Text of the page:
The Making Process of Kobaien Inksticks

There is no window in the room that collects the soot that is the raw material for ink. 100 flames are burning in one room. In the work of collecting soot, one craftsman has two rooms to take care of. In other words, a craftsman handles 200 flames.

He is very careful about the amount of flame, and adds oil every hour. He prepares for the next wick in the meantime.

At the end of the Edo period, research on how to make ink was very advanced. The documents and materials of the time left by Kobaien’s successive leaders have been handed down to the present day.

At Kobaien, they continue to produce the highest quality oil smoke ink using a secret manufacturing method that has been passed down from generation to generation.

Kobaien, Nara, Japan

Collecting soot

A skilled craftsman pours pure vegetable oil into the jar and lights the wick made of rushes. He then covers the jar with an earthenware cover and collects the soot from the inside. He turns the jar every 20 minutes so that the soot does not stick unevenly.

This is a very delicate process that requires a lot of attention to the heat and the amount of oil.

Dissolving glue

He puts the fine glue into a copper jar about 30 centimeters deep.

He then  slowly warms it over time with hot water at 70 degrees Celsius to make a solution of the glue.

Kobaien, Nara, Japan
Kobaien, Nara, Japan

Mixing and kneading

Next, he mixes the carefully prepared soot and solution of glue in a ratio of 100 parts soot to 60 part glue.

At this time, he also adds fragrance and kneads them well. The quality of the ink depends on how well it is kneaded.


The craftsman puts the well-kneaded glossy ink into the wooden mold made of pear wood, on which the letters and designs are carved.

The inkstick size, called “Icchokata”, weighs roughly 15 grams, but when it is put into the wooden mold, it weighs about 25 grams because there is still a lot of water in the ink.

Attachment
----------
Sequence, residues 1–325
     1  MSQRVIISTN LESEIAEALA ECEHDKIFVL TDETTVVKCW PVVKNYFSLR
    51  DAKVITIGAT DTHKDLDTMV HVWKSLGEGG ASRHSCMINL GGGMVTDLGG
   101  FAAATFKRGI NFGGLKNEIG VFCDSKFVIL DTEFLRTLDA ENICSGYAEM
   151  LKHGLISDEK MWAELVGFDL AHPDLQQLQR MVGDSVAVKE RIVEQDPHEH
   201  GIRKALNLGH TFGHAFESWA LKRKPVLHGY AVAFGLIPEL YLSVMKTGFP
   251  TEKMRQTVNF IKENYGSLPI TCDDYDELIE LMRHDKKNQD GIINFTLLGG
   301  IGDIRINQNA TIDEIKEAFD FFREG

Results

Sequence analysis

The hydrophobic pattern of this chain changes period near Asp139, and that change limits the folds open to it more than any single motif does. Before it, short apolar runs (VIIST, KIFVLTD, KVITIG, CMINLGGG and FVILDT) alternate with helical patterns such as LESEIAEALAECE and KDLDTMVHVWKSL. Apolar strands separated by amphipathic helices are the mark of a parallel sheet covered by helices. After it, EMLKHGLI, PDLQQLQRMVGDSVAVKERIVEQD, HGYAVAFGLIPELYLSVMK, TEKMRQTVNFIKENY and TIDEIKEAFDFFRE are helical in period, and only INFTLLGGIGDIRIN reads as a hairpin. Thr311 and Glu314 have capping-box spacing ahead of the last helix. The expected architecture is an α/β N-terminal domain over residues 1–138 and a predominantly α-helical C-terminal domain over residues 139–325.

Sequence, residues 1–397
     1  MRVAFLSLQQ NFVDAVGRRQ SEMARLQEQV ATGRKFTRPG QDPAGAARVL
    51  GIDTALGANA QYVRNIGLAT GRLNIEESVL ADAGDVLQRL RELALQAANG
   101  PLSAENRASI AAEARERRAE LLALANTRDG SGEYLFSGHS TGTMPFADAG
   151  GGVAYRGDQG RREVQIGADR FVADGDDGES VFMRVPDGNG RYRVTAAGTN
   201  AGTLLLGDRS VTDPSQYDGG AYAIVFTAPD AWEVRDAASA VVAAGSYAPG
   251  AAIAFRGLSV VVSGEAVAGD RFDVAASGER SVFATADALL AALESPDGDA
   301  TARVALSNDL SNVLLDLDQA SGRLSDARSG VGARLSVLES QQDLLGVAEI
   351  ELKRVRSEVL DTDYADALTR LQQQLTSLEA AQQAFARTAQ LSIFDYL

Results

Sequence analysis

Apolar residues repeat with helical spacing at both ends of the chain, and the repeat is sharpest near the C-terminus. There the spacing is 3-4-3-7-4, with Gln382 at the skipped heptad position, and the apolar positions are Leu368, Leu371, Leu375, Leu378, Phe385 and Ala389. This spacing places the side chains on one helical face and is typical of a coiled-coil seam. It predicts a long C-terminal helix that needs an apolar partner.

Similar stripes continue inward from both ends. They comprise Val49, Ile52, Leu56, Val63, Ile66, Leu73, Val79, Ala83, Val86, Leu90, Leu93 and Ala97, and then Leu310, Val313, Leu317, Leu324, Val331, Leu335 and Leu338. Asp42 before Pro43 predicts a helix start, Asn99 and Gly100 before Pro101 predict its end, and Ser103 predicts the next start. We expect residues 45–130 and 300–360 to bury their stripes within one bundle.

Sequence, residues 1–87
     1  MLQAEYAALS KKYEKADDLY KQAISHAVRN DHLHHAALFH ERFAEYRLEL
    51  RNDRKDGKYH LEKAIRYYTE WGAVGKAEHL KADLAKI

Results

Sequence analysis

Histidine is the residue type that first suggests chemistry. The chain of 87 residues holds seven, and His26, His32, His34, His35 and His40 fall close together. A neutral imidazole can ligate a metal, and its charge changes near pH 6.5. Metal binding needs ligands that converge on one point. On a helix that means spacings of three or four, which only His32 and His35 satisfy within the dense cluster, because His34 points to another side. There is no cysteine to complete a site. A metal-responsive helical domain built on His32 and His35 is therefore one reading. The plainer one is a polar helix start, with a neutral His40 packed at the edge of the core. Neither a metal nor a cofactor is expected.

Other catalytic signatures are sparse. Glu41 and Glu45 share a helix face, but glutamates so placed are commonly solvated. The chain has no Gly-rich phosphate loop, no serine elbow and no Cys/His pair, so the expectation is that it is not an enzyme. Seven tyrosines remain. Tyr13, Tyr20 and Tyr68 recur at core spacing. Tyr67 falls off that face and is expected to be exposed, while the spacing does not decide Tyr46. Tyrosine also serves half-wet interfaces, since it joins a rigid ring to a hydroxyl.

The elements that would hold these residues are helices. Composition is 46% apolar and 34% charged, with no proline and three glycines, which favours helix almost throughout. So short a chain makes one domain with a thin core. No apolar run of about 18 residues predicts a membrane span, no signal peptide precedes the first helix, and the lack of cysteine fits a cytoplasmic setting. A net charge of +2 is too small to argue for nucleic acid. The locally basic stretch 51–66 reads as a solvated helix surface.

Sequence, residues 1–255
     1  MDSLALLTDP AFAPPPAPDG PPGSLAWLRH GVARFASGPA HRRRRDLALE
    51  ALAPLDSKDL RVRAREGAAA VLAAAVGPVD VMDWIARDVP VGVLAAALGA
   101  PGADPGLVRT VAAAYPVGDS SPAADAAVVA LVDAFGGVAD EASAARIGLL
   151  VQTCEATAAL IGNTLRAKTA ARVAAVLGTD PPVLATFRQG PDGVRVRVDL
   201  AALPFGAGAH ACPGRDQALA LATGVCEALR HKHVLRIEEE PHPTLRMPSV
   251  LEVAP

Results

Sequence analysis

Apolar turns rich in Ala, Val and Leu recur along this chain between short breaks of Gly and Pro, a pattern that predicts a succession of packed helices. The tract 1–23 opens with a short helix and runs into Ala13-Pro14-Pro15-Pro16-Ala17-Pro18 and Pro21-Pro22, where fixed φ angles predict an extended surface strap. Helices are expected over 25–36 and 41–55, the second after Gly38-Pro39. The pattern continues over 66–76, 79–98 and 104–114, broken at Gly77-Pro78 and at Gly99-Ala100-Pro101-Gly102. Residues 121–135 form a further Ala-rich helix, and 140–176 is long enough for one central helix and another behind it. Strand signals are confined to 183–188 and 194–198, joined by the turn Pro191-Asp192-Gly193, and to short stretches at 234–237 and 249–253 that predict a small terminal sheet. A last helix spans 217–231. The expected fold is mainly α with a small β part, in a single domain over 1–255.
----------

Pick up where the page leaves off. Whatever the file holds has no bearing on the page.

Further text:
Kobaien, Nara, Japan
Kobaien, Nara, Japan

Drying with ash

Once the ink has hardened to a certain degree, the craftsman removes the ink from the wood mold and allows it to dry.

He first dries the ink by placing it in moist, watery wood ashes. Later, he changes the ash to a less moist one and continues to dry the ink.

This drying process takes about a week for small inks, and about a month for large ones.

Natural DRYING

Ash drying removes about 70 percent of the water from the inksticks. Then the craftsman hangs the inksticks from the ceiling with a straw cord to allow it to dry naturally.

This period lasts about one to six months.

Kobaien, Nara, Japan
Kobaien, Nara, Japan


After the natural drying process is complete, the craftsman carefully washes the ash-covered ink with water one by one.

He then roasts the inkstick over a charcoal fire to slightly soften its surface and polishes it with clam shells.

This process gives the inkstick a beautiful luster.


The inkstick is left to dry naturally for a while again.

Finally, the craftsman uses gold and silver powders, and various other pigments to color the inkstick.

The unique patterns of Kobaien’s inkstick become more beautiful and vivid with this coloring.

Kobaien, Nara, Japan
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